September 10, 2006
by Tom Parker, Liz Steele, Karl Weston, Patti Henry, Woody Forrieter
Call to Worship:
In this time we turn our thoughts to how we can
touch and be touched
love and be loved,
forgive and be forgiven,
heal and be healed,
so that the goodness of our lives is a shared blessing.
We kindle our chalice this day
in remembrance of all who have given their lives for freedom,
for larger life, for justice.
We light, on the altar of our hearts,
a flame of memory and hope
to hearten our struggle and guide
our weary steps in the paths of peace.
Pastoral Prayer, One Year Later
from the Rev. William G. Sinkford
President, Unitarian Universalist Association
Please enter the space of silence and honesty, which is known by many names.
Gracious spirit of creation, dear God. A new church year begins. Life goes on. Babies are born and we dedicate ourselves to them. People die and we memorialize their lives, laughing and crying as we grieve our loss. Marriages and partnerships are formed and blessed. Triumphs and tragedies enter our sanctuaries with us as we gather. Life goes on. And our ministry together tries to hold it all: the joys and the sorrows, the pleasure and the pain, the fullness and the emptiness. All enter here with us. Our coming together bears witness to the power of love, and the possibility of community. For what should we pray?
Twelve months ago, our illusions of security, our sense of safety were shattered. How many times have we heard and said: “Since September 11th” as if by saying those words, we could somehow control the reality of grief, loss, anger and fear; the reality that there are those in our increasingly divided world who see us differently from the way we see ourselves. We say those words- “since September 11th”- as if we could gain dominion over their meaning. Yet as we have grieved and feared, raged and anguished through this last year, life has gone on. For what should we pray, then, one year later?
Should we pray for peace?
Peace in our lives and peace in our world? Should we pray for an end to grief, freedom from fear, an end to violence? But is it not our own hands that must make it so? Yes; despite our failures to achieve peace in our own hearts, still we pray for peace. We pray for an end to grief for those who lost loved ones on September 11th and since September 11th, for those working in rescue and recovery efforts and for those members of our nation's armed services who stand in harm's way. And we pray for those, no less bereft, who have endured losses unrelated to September 11th that have been overshadowed by that communal tragedy. Should we pray for safety? A sense of security, confidence, trust that the universe welcomes our presence and offers a home for our spirit? But at whose expense are we willing to seek safety for ourselves? Yes, we pray for safety, but we also pray for those profiled, jailed and deported since September 11th, and ask forgiveness from those whose safety has been sacrificed in our attempt to guarantee our own Should we pray for wholeness? A world in which Muslim and Jew can live together, a world in which gay and straight, men and women, Black and white and brown and red and yellow encounter one another not in fear but in thanks? But can we ourselves-do we-live with such integrity?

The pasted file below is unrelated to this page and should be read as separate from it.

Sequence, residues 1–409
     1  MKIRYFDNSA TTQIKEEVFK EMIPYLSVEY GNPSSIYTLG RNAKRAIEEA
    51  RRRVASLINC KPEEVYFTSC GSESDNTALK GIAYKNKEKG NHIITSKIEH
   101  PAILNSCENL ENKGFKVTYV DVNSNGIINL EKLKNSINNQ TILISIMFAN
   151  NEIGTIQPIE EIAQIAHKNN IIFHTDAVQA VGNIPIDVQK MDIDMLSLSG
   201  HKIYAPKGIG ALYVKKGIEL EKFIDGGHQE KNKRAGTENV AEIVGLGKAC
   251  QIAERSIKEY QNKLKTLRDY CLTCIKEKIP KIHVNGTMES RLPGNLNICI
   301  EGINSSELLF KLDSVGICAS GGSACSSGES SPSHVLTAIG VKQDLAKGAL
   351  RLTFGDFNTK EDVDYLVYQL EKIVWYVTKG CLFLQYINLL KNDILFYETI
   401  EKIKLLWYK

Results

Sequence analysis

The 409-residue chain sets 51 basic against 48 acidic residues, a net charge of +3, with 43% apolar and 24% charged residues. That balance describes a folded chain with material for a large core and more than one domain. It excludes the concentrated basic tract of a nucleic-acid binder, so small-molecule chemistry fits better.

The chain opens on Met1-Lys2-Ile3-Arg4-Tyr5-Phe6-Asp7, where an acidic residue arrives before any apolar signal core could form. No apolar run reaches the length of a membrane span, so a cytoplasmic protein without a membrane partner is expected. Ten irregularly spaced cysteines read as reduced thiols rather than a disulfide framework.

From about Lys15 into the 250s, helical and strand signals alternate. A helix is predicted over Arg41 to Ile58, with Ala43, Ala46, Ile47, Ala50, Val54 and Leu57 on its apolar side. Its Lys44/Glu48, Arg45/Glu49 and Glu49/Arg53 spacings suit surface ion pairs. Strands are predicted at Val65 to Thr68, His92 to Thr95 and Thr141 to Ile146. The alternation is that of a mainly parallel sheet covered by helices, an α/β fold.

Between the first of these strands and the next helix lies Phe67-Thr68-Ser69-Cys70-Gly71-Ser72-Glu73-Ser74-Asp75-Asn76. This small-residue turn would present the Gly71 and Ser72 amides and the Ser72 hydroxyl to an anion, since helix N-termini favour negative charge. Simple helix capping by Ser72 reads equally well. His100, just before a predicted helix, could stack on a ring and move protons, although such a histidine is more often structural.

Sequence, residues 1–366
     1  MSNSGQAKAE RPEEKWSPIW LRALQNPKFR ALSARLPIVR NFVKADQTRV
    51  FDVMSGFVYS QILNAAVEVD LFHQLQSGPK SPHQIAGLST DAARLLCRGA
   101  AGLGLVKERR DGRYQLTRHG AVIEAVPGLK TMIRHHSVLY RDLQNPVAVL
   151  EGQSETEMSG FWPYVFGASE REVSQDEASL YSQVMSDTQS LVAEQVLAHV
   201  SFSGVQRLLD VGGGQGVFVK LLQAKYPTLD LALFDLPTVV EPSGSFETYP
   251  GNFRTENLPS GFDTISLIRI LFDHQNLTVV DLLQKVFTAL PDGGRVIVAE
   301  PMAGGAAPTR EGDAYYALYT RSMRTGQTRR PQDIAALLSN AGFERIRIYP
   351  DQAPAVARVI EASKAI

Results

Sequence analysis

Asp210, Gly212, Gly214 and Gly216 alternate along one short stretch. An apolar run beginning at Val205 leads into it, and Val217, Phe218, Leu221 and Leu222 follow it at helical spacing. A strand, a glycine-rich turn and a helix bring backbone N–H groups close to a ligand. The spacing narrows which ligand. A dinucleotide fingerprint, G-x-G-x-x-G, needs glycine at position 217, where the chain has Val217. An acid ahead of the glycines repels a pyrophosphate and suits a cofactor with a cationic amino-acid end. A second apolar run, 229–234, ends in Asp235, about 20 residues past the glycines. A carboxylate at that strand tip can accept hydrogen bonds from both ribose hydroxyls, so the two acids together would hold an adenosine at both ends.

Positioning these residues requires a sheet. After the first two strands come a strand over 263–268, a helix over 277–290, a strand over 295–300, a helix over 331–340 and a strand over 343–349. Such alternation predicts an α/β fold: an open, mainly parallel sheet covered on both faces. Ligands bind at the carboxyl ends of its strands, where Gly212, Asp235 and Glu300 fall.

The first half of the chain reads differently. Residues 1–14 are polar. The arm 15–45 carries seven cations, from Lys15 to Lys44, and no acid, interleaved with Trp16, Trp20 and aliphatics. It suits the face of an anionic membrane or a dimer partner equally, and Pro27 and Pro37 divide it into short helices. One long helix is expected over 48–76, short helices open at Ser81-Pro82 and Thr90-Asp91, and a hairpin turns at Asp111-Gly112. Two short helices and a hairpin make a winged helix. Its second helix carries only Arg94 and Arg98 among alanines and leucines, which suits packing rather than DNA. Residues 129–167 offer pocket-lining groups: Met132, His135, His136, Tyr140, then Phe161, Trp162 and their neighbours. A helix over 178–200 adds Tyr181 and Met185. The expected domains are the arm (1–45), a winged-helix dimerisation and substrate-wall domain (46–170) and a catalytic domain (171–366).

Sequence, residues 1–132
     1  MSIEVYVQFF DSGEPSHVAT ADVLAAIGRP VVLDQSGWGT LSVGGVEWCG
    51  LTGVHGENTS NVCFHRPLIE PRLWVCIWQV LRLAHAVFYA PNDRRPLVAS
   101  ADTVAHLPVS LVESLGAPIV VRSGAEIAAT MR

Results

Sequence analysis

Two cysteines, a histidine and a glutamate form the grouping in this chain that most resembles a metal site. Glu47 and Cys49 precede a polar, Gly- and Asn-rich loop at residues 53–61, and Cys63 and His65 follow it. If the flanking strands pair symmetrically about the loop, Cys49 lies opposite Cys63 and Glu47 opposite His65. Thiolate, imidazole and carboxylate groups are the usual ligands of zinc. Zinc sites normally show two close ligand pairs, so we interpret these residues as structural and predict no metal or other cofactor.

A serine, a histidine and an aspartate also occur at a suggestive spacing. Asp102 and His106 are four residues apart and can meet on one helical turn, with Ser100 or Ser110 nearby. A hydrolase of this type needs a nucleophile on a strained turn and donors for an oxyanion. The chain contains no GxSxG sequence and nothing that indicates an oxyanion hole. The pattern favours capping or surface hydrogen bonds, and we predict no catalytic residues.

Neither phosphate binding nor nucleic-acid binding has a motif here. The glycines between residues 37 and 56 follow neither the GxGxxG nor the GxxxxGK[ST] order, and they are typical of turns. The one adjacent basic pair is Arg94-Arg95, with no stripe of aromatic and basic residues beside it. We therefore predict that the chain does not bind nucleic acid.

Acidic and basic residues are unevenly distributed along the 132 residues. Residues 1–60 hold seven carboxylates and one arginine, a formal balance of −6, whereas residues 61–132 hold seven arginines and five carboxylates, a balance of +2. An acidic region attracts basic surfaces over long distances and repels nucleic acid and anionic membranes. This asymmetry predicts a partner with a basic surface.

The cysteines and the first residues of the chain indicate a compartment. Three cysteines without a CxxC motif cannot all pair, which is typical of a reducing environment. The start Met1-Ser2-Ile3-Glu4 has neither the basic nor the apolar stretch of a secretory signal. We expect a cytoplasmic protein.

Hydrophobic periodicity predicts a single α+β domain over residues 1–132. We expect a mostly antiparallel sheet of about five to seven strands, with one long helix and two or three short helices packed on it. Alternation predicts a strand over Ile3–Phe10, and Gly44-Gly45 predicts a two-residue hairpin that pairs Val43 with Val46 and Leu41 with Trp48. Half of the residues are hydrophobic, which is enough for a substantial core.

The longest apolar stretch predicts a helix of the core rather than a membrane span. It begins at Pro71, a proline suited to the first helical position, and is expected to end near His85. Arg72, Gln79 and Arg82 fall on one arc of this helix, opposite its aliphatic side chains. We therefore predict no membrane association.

Yes, we pray for wholeness, in our world and in our own lives. We pray for all these things. And, gracious spirit, we pray for ourselves. It is so hard to trust. Everywhere we look, reality contradicts our yearning to hope. It seems that we must walk alone, even through the valley of the shadow of death. We pray for the willingness to walk with one another, for we know we will need to walk together if we are ever to make justice and peace real. For there are no hands on earth but ours. And our hands seem so few and our abilities so small in the face of such great need for healing. There are no hands on earth but ours. So we pray for the strength to try. We know how real the brokenness of this world is, but we will not give brokenness the last word. So we pray for an end to grief, for peace, and safety. We pray for our nation. And we pray for ourselves, that we might feel the spirit of life and the stirrings of compassion. Help us resist both fear and complacency. Help us give life the shape of justice. Help us know that we can collude with love. Help us live as if wholeness can happen, and by our living, help us to make it so. Amen.
Speaker 1: Tom Parker
Speaker 2: Liz Steele
Speaker 3: Karl Weston
Speaker 4: Patti Henry
Speaker 5: Woody Forrieter
Speaker 1 -- Sept. 11 7:59 a.m.: American Airlines Flight 11, carrying 92 people leaves Boston's Logan International Airport for Los Angeles.
Speaker 2 -- 8:01 a.m.: United Airlines Flight 93, carrying 45 people leaves Newark International Airport for San Francisco.